This spring a variety of top-notch Android devices have been released, including Samsung’s fourth generation Galaxy S smartphone, the fully aluminum One from HTC, and the Xperia Z, a sleek high-end phone from Sony.
Android has truly become the benchmark for all mobile operating systems. Sure, the market is fragmented and filled with cheap devices that no one wants or needs, but there are also some truly fantastic devices available, that have groundbreaking features and stunning designs. Many exciting announcements have come over the last few months, and it is no wonder that Android is holding its throne at the top.
Let’s take a look at some of the best Android phones available in Canada this month, on contract and on pre-paid.
In recent years, HTC has been losing the momentum it once had. They released too many flagship phones with confusing names and have fallen behind in marketing compared to Samsung. With the One, HTC is trying to bring itself back into the game as a true contender to Samsung’s flagship.
HTC has vastly improved Sense with the new version 5.0, presenting it with a cleaner, more responsive interface. The Taiwanese company has also added in extra features, such as BlinkFeed, a Flipboard-style news feed that resides on the One’s homescreen, and Zoe, which brings your photos to life. There is also a range of added camera features to go along with the improved four ultrapixels sensor.
The ultrapixel sensor is one of the most impressive features of the HTC One, allowing it to take fantastic, dynamic photos, even in low-light conditions. The secret is the novel technology that allows each pixel to capture more light, thus packing more information in each image. However, the low pixel count can be worrying; in some situations, the low-resolution sensor causes images to turn out blurry or lacking in details.
After building up Apple-style hype, Samsung launched last month the new Galaxy S4, sending shockwaves throughout the industry.
The Galaxy S4 is filled with software features, but some of them come off as gimmicky or of questionable utility. These new features include things such as scrolling a website with your eyes, hovering over the screen for previews, a useful health app, and a lot more. They are not necessarily groundbreaking, but they do add a lot to the user experience.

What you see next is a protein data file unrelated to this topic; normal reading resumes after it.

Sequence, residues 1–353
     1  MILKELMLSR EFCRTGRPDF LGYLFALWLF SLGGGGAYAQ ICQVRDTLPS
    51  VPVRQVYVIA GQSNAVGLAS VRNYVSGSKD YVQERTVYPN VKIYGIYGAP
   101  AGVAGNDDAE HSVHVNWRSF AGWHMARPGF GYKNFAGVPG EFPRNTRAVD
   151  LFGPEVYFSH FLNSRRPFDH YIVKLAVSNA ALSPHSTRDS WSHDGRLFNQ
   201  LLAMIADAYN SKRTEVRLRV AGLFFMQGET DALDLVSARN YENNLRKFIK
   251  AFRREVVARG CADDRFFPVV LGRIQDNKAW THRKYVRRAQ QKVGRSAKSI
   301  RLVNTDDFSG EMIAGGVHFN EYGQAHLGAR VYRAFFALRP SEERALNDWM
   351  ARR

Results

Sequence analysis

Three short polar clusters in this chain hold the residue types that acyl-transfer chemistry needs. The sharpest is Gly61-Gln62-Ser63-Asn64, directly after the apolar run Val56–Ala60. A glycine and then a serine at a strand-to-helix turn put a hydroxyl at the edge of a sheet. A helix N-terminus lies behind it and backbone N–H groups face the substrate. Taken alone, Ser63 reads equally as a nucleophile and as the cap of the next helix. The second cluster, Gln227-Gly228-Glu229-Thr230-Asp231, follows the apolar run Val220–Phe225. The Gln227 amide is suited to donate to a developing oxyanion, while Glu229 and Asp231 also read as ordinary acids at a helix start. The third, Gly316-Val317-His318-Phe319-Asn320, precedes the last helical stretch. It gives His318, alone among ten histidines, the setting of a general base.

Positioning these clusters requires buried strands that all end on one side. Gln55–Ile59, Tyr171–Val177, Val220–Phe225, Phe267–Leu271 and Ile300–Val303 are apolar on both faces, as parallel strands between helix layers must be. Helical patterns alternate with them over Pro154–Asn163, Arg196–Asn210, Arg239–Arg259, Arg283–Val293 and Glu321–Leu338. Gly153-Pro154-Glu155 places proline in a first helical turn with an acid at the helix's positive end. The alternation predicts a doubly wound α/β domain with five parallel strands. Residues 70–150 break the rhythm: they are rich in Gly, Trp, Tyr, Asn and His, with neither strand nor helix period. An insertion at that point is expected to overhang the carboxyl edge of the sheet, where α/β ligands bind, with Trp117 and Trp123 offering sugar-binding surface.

Much ink has been spilled over the fully plastic build of Samsung’s flagship phones. Plastic is perhaps not the best material in the world, but it does ultimately hold up well and doesn’t take away from the user experience. It also allows the back cover to be taken off, revealing the replaceable battery and SD card slot, which are widely considered important smartphone features. We thoroughly enjoyed this device and found it to be the best contenders in many categories, with its super-fast quad-core processor, stunning display, and brilliant 13-megapixel camera.
With the success of the Galaxy S3 on their belt, Samsung proceeded to introduce the second generation of the Note series, which was remarkably successful amongst consumers.
The Note line was introduced with the primary aim to make a phone which doubled as a tablet. The result was a device with a large screen, though not large enough to be considered a tablet. Despite the massive size, many people find the idea of such a large device appealing, especially when combined with the S Pen.
One of the unique features of the Galaxy Note 2 is its S-Pen, which is a stylus that can perform many tasks around the Galaxy Note 2, such as the ability to write down notes quickly and without hassle using the fabulous S-Note app.
The Galaxy Note 2 is no spec monster by 2013 standards, but it still holds up well, with its 5.5-inch 720p screen, quad-core processor, and 8-megapixel camera. It also features a removable battery and an SD card slot. So, If you’re looking for a compromise between a phone and a tablet, with lots of extra features added on, the Samsung Galaxy Note 2 is a solid choice.
The Sony Xperia ZL is the smaller brother to the Xperia Z. It retains the same 5-inch Full HD display, high-powered quad-core processor, and 13-megapixel camera that the Xperia Z has, but in a smaller, more portable package, which helps with one handed use. The handset is running Sony’s custom UI, which is not the best interface on a smartphone, but it does add some extra features and is smooth and reliable.
We have however, noted that the display lacks great colors and wide viewing angles, which could potentially be a problem, but if you look past the display, the Xperia ZL is still a great on-contract choice.
Next page: phones on contract (budget) and unlocked.